Blue nanoparticles mop up radioactive element

Written by Jamie Durrani for Chemistry World

Chernobyl ruins

Source: © Shutterstock The Chernobyl nuclear power plant where a domed concrete structure is being built to contain the still highly radioactive reactor

Scientists in France have developed a nanoparticle-based formulation of Prussian blue, which could lead to better treatments for people who have been exposed to radioactive contamination.

Large quantities of radioactive contaminants can be released into the environment during nuclear weapon tests or accidents at nuclear reactors – such as those that occurred in Chernobyl, Ukraine, in 1986, and more recently in Fukushima, Japan. Radioactive caesium isotopes are among the more common fission products that escape during such events and are easily absorbed by the human body. Exposure to radioactive caesium can cause many different types of cancer, neurological effects and in extreme cases rapid death.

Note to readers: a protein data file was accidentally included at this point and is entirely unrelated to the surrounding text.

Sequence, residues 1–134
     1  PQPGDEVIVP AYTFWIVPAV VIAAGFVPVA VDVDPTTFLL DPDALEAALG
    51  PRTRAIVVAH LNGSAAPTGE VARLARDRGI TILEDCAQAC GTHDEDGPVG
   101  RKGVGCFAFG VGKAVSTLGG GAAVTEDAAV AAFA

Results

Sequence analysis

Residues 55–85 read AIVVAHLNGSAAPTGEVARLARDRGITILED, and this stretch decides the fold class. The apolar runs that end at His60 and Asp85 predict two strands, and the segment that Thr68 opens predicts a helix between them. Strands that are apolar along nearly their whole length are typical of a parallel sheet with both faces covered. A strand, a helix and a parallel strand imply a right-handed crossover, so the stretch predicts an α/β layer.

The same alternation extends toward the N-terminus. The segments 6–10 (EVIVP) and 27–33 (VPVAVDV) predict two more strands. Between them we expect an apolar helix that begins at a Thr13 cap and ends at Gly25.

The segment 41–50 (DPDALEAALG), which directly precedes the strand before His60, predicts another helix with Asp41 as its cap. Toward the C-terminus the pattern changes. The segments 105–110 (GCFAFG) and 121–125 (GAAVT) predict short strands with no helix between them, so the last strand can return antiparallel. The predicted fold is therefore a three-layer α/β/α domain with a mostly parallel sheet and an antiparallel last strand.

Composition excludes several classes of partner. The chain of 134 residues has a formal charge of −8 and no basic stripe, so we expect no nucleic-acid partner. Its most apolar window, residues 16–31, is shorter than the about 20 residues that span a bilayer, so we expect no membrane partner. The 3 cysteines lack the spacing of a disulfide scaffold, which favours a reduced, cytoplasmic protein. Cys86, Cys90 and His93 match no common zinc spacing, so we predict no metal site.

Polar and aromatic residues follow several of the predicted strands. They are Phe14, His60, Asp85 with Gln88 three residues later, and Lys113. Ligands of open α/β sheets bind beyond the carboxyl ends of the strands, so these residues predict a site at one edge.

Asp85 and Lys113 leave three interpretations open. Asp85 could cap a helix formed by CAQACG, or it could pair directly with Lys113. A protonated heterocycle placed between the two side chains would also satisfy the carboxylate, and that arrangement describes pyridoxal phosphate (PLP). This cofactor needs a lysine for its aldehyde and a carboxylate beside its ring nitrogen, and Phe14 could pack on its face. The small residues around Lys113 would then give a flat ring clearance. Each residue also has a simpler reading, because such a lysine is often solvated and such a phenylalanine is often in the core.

The full story can be read in Chemistry World.

The original article is free to access until the 24th May 2017 and can be read below:

In situ synthesis of Prussian blue nanoparticles within a biocompatible reverse micellar system for in vivo Cs+ uptake
Yannick Guari et al.,
New J. Chem., 2017, 41, 2887-2890
DOI: 10.1039/C6NJ03770D

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